Lessons learned from implementing health coaching in the heart healthy lenoir hypertension study

Katrina E. Donahue, Jim Tillman, Jacqueline R. Halladay, Crystal W. Cené, Alan Hinderliter, Doyle M. Cummings, Cassandra Miller, Ziya Gizlice, Beverly A. Garcia, Jia Rong Wu, Emmanuelle Quenum, Hayden B. Bosworth, Thomas C. Keyserling, Darren DeWalt

Research output: Contribution to journalArticlepeer-review

5 Scopus citations


Background: Health coaching is increasingly important in patient-centered medical homes. Objectives: Describe formative evaluation results and lessons learned from implementing health coaching to improve hypertension self-management in rural primary care. Methods: A hypertension collaborative was formed consisting of six primary care sites. Twelve monthly health coaching phone calls were attempted for 487 participants with hypertension. Lessons Learned: Participant engagement was challenging; 58% remained engaged, missing fewer than three consecutive calls. Multivariate analyses revealed that older age (odds ratio [OR], 1.03; 95% confidence interval [CI], 1.01–1.05), African American race (O,R 1.73; 95% CI, 1.15–2.60), greater number of comorbidities (OR, 1.17; 95% CI, 1.05–1.30) and receiving coaching closer to enrollment (OR, 5.03; 95% CI, 2.53–9.99) were correlated independently with engagement. Participants reported the coaching valuable; 96% would recommend health coaching to others. Conclusions: Health coaching in hypertension care can be successful strategy for engaging more vulnerable groups. A more tailored approach may improve engagement with counseling.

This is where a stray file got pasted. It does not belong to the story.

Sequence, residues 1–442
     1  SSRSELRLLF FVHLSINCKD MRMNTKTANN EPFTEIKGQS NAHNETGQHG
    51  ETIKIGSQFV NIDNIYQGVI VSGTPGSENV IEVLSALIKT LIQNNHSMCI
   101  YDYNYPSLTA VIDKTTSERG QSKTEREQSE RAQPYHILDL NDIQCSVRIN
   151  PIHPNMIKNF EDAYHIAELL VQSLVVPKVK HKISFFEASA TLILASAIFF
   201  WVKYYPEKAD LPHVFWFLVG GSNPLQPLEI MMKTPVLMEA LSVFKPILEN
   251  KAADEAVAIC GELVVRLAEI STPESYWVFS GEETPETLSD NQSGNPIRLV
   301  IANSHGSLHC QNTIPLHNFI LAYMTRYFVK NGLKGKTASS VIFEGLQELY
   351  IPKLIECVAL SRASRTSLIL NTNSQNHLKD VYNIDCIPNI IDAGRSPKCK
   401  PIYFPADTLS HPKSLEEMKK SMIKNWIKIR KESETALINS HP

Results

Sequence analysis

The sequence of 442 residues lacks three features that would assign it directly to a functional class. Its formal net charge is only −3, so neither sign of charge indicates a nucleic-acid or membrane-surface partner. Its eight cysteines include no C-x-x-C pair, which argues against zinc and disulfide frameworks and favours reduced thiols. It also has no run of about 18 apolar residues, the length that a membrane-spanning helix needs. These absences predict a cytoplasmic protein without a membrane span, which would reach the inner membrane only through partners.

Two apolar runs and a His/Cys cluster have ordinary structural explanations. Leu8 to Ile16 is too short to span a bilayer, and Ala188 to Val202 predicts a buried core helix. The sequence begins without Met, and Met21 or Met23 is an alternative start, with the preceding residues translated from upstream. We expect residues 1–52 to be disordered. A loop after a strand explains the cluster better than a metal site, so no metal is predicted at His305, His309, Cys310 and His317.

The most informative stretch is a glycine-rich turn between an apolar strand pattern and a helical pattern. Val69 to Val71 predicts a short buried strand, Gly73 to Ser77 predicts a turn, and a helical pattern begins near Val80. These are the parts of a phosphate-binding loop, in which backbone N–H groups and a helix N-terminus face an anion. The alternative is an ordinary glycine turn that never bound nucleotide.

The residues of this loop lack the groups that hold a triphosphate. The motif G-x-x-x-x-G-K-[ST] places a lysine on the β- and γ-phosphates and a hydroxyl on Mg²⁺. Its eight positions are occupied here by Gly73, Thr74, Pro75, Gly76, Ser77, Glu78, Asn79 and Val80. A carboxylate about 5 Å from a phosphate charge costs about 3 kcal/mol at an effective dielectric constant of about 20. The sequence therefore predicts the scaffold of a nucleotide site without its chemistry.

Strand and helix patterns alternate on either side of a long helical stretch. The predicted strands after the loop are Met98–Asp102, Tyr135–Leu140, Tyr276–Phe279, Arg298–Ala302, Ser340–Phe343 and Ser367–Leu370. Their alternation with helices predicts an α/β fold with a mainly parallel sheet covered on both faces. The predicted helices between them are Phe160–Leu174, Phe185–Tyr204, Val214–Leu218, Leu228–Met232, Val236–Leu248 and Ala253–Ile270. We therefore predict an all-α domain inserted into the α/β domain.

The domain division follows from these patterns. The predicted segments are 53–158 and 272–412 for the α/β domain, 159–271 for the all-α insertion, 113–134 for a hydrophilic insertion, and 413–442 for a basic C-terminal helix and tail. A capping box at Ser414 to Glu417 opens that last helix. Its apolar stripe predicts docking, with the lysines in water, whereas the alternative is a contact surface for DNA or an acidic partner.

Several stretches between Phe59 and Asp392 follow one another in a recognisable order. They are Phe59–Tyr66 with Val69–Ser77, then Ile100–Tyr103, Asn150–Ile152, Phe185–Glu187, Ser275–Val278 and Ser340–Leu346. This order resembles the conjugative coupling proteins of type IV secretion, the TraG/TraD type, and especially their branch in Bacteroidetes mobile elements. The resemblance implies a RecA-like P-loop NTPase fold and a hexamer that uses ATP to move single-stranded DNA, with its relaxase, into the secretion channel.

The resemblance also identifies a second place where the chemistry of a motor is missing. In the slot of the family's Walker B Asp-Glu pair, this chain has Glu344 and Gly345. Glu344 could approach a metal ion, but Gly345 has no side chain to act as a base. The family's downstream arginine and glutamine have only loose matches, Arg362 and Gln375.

Original languageEnglish
Pages (from-to)559-567
Number of pages9
JournalProgress in Community Health Partnerships: Research, Education, and Action
Issue number4
StatePublished - Dec 1 2016

Bibliographical note

Funding Information:
Funding provided by National Heart Lung and Blood Institute, NHLBI 1P50HL10584–01. The funding body had no role in the collection, analysis, and interpretation of study data, nor did they play a role in the writing of the manuscript or the submission of the manuscript for publication. Trial registration: ClinicalTrials.gov NCT01425515. Thanks to Jennifer Greyber for her thoughtful review and editing of the manuscript.

Publisher Copyright:
© 2016 Johns Hopkins University Press.


  • Ambulatory care
  • Community-based participatory research
  • Counseling
  • Hypertension
  • Implementation
  • Primary health care
  • Quality of health care
  • Vulnerable populations

ASJC Scopus subject areas

  • Health(social science)
  • Education
  • Sociology and Political Science


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